Advice and safety products are proposed to help keep students safe in the loading and unloading zones of their school buses, also known as the Danger Zone.
The annual loading and unloading zone survey performed for the 2016-2017 school year by the Kansas Department of Education and the National Association of State Directors of Pupil Transportation Services, found that the number of student deaths in the school bus danger zone doubled from the two previous school years. One of the fatalities was a nine-year-old girl who was caught in the doors of her bus, dragged and run over.
A January 2016 study performed by Kathleen Furneaux, executive director of the Pupil Transportation Safety Institute, and Peter Lawrence, director of transportation for Fairport Central School District in upstate New York, revealed that there were 31 instances of students being stuck in their school bus door between 2004 and 2015. Two students were killed.
Furneaux and Lawrence said that a possible solution was rethinking the placement of the switch that drivers use to open and close the loading door. They pointed out that, in most school buses, drivers must turn away from the door and the disembarking students to operate it. “Nevertheless, at the moment the student is exiting the bus, nothing is more important than making sure the service door is cleared and the student has moved no less than 15 feet away from the bus before pulling back into the flow of traffic,” they observed.
Bus equipment company Mayser USA, Inc. recently introduced another solution. The company’s electric safety edge product fits on the edges of the school bus loading doors and will automatically reopen them if an obstruction prevents them from closing all the way. The product can also be integrated with audio and visual notifications. This safety edge is in use on public transportation vehicles across North America and Europe, according to Scott Behr, a sales engineer for Mayser.
Ohio is the first state to allow such safety edges on school bus doors. “The device must detect both pinch and drag potentials, and must notify the operator visually and audibly,” read the specifications, which were updated last month.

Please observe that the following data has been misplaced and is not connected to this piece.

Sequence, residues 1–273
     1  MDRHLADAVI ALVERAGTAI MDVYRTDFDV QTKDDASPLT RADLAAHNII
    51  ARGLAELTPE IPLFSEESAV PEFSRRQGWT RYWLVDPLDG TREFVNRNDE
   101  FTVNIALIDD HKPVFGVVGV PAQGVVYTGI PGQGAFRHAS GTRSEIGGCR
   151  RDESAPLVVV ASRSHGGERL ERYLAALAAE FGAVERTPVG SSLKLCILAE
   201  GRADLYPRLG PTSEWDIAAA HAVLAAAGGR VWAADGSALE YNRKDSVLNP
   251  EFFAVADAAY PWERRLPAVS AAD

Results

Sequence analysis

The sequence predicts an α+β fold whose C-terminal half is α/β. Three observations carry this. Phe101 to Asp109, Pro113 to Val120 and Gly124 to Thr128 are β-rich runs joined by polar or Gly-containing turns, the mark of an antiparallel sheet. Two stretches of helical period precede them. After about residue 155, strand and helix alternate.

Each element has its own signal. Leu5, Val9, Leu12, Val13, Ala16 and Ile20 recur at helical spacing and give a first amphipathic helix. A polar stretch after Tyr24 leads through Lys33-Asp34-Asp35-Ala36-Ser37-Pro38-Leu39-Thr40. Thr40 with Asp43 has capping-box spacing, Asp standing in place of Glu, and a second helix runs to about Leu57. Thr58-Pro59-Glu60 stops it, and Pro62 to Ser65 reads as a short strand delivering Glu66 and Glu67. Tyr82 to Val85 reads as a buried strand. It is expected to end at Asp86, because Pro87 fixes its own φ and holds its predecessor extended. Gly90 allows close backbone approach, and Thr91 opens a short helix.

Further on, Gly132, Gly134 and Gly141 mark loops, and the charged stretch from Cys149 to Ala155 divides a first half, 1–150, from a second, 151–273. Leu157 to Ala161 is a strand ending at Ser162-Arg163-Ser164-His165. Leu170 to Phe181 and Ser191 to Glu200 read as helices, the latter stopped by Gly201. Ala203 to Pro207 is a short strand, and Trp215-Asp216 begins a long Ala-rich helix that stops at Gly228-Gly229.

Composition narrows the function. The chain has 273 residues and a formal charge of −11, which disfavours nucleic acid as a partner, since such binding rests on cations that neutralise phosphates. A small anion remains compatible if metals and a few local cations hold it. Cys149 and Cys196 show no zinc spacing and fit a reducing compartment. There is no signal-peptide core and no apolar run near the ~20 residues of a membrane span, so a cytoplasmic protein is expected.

“When I presented it to Ohio, we were planning on offering an aftermarket kit that could be installed but decided it might make better sense to work with the (vehicle) OEMs and let them decide if they want to only offer it on new buses or if they would like to offer a retrofit kit for the existing buses,” explained Behr.
To that end, Behr said that Mayser had presented its safety edge to several school bus manufacturers, including Blue Bird, IC Bus, Thomas Built Bus and Lion Bus, and that at least one was “actively engaged” with them.
He added that the product is ready for use in some states, such as Texas, which only have certain minimum standards, but allow additional safety equipment without the need for the specifications to be updated. Marisa Weisinger, executive secretary of the Texas Association for Pupil Transportation, confirmed this aspect of the state’s specifications.
Behr, whose mother was a school bus driver, driver trainer and transportation supervisor, said that he is on a journey “to make people aware that there is a solution to protect these children and their bus drivers from things like children being pinched, entrapped or dragged.”
He noted a 1997 incident in which a teenage boy was dragged and crushed to death when his jacket was caught in the bus door’s handrail, which resulted in a $14 million settlement.
“My guess is you could have equipped every school bus in multiple states for that amount of money and saved a child’s life, rather than pay it out for a loss of life,” said Behr.
Jeff Vrabel, Sr., fleet services supervisor for Columbus City Schools, and Chairman of the State and National Associations Council of the National Association of State Directors of Pupil Transportation Services, attended Mayser’s presentation to the Ohio School Bus Construction Standards Group.
“I think that there are pros and cons of the system, but believe it could help prevent an injury or death if a student would get caught in the door,” he told STN. He added that he would need to see some product and installation prices before deciding if it was cost-effective.